The Pennsylvania Superior Court, in a case called Palmiter v. Commonwealth Health Systems, Inc., held that employees can sue their employer for discrimination based on their status as certified users of medical marijuana.
As we previously reported in Part I of this series, the Illinois Workplace Transparency Act (WTA) will significantly change the contours of employment, separation, and settlement agreements when it becomes effective on January 1, 2020.
Jackie Ford, a partner in the Vorys Houston office and a member of the labor and employment group, authored an article for Corporate Counsel titled "America’s Opioid Crisis: What Employers and Their Counsel Need to Know."
California, like 48 other states, is an employment-at-will state (Montana is the sole exception). This means that employment without a specified term may be terminated at the will of either party. But the presumption of at-will employment can be overcome by the parties agreeing – either expressly or impliedly – to limit the employer’s termination rights.
For most of its existence, the National Labor Relations Board (NLRB) has focused on fairly traditional issues related to unionization and other efforts by employees to collectively address the terms and conditions of their employment.
The Security and Exchange Commission (SEC) has taken an increasingly hardline on employers’ confidentiality agreements and that its regulators are on the lookout for policies that impede an employee’s ability to report activities to regulator
Effective January 1, 2017, Colorado’s private employers must allow current and former employees to inspect and copy their personnel files. The new law does not apply to a financial institution, bank, trust company, savings institution, or credit union. Nor does it apply to public employees, who already have access to their personnel records under the Colorado Open Records Act.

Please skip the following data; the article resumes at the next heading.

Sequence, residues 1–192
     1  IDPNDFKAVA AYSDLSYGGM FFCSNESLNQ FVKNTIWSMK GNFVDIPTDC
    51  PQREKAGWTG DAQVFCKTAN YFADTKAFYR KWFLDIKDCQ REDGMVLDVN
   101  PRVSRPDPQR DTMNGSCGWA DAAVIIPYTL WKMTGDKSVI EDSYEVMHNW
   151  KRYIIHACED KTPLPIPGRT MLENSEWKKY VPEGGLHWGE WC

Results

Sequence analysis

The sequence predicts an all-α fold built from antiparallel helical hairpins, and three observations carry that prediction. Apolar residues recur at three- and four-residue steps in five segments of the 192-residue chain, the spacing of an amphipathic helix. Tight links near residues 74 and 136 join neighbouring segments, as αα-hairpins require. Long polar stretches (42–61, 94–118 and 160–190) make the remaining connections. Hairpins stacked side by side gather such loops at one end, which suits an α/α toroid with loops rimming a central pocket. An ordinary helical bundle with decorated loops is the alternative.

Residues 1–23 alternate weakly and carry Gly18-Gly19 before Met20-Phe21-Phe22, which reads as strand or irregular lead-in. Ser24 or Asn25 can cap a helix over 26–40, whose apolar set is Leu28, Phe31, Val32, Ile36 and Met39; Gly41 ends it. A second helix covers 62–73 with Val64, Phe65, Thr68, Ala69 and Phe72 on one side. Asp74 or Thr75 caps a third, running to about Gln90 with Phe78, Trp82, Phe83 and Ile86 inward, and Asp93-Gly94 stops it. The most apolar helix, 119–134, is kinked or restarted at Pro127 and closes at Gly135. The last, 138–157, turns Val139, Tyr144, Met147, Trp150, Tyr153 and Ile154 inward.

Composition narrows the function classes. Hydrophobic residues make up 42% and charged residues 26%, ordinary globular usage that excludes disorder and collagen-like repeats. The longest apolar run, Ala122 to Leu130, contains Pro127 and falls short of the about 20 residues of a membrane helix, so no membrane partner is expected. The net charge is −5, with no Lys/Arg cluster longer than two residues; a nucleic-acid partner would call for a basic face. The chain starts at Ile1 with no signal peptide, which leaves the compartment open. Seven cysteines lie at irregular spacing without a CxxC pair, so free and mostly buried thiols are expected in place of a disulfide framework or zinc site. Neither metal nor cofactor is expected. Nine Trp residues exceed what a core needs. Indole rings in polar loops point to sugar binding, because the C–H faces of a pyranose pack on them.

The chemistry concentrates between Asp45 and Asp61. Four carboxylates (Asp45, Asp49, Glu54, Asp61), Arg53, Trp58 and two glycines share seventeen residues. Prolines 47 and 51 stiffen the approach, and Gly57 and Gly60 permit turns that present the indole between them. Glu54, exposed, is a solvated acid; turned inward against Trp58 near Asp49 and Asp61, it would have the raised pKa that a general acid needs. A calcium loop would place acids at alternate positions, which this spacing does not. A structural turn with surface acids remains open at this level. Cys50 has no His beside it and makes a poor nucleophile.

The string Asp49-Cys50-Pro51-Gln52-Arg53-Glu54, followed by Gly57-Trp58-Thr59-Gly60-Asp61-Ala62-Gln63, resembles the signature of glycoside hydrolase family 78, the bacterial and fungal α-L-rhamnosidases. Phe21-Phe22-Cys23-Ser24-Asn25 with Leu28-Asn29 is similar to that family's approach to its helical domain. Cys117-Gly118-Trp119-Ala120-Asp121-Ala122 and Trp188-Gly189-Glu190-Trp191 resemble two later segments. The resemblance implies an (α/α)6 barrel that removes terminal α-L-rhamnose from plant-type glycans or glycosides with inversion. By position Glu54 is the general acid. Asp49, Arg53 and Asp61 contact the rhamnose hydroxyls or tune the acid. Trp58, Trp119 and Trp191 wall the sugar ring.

Mike Griffaton, of counsel in the Vorys Columbus office and a member of the labor and employment group, authored an article for Columbus CEO titled “Keeping Things Civil & Legal When Talking Politics at Work.”
The United States Supreme Court recently resolved a split among the federal circuits about when the limitations period begins on a constructive discharge claim (as opposed to a claim by an employee that he or she was terminated by an employer).
Nelson Cary, a partner in the Vorys Columbus office and a member of the labor and employment group, authored an article for TLNT.com titled “Believe It or Not, NLRB Protects Foul Facebook Attack on Supervisor.”
Underscoring a national trend, Virginia joined 18 states (Arkansas, California, Colorado, Illinois, Louisiana, Maryland, Michigan, Nevada, New Hampshire, New Jersey, New Mexico, Oklahoma, Oregon, Rhode Island, Tennessee, Utah, Washington, and Wisconsin) limiting employer access to the social media accounts of job applicants and employees.
As the 131st Ohio General Assembly continues to get underway, Senate Democrats recently introduced three bills regulating employers’ use of consumer credit reports, criminal histories and social media accounts.
Ashley Manfull, an associate in the Vorys Akron office and a member of the labor and employment group, authored an article for Crain’s Cleveland Business regarding employee performance improvement plans (PIPs) and year-end reviews.
Ashley Manfull, a senior attorney in the Vorys Akron office and a member of the labor and employment group, authored an article for TLNT.com titled “Troubling Questions After Record $185 Million Discrimination Award.”